This is an appropriate day to return to this blog. I have been sick for way too long. No more.
This morning I wandered through the Panteón, the nearby cemetery packed with graves, small mausoleums and statuary. Today friends and relatives of the dead fill the grounds.
They are there to remember, honor and care for their loved ones.
One group of old men gathered around a monument to a recently departed friend and passed around a bottle of mezcal while they softly sang a song of remembrance to their amigo.
Others worked to whitewash their loved one’s marker and placed on them bright orange marigolds, flores de calendulas.
This is a day people in the US should consider observing. It is a day to remember the good things others, now gone, have passed along to us, a celebration well worth adopting.
El Día de Muertos es la festividad Mexicana que más gusta!
[ngg_images source=”galleries” container_ids=”7″ display_type=”photocrati-nextgen_basic_slideshow” gallery_width=”600″ gallery_height=”400″ cycle_effect=”fade” cycle_interval=”10″ show_thumbnail_link=”1″ thumbnail_link_text=”[Show thumbnails]” order_by=”sortorder” order_direction=”ASC” returns=”included” maximum_entity_count=”500″]Link to Street Art I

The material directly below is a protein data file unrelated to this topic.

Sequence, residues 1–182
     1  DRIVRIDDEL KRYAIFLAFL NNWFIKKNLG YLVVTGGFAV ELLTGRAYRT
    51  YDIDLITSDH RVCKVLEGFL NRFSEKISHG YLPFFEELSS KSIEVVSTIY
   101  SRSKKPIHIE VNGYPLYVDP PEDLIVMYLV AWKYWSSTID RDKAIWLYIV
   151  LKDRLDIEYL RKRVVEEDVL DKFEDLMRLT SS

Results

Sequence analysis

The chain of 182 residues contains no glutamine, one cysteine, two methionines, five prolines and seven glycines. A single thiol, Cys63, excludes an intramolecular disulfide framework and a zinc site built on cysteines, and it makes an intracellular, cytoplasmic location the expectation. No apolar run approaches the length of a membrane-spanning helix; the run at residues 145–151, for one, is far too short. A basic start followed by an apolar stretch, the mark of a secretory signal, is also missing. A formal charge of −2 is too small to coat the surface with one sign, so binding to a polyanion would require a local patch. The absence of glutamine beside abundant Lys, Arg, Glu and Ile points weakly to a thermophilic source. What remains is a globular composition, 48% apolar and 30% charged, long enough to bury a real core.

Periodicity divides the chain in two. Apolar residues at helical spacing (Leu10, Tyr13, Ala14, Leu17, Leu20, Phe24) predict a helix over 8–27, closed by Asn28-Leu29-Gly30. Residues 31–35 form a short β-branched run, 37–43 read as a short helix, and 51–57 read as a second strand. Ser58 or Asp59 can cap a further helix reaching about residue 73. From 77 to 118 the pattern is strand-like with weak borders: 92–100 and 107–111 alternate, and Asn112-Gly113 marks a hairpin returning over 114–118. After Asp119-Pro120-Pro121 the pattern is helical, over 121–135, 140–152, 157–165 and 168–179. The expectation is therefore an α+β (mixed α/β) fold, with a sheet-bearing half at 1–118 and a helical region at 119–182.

Link to Street Art II
Another slideshow of Mexico’s not so permanent art forms
Link for Street Art I
When Alice and I traveled to the city of Vera Cruz, we found a beautiful sculpture in front of the PEMEX building, Torre de PEMEX, just off the Malecón de Puerto de Vera Cruz.
The scale is heroic and the work awesome. We liked it, but despite asking dozens of people who the artist is, no one could tell us. We’ve since found that Francisco Zúñiga, Costa Rican born Mexican artist, was the sculptor. The name of the work is La Riqueza del Mar, The Wealth of the Sea. We think it is probably sculpted in clay. Do you know?
Slideshow of our pictures gives an idea of scale, texture, and detail. Alice, viewing the work in one of the pictures, is 5′ 11″ (180 centimeters) tall.
There is a nearby sculpture also by Zúñiga named La Cosecha, The Harvest.
In Mexico there is a great tradition of Institutional Public Art heroic bronzes, massive bas relief works, large scale frescoes and many other “permanent” art forms.
There is also a deep vein of anarchical art, more ephemeral in nature—chalk or flowers on the sidewalks, paper maché, cheap house paint, collage and glue. Most is only one good rain away from oblivion. This art form is expressive and shuns the idea of “precious art.” Often political making social comment or celebrating Mexico’s sense of libertarian personal freedom. This is a peek at the art form, Street Art.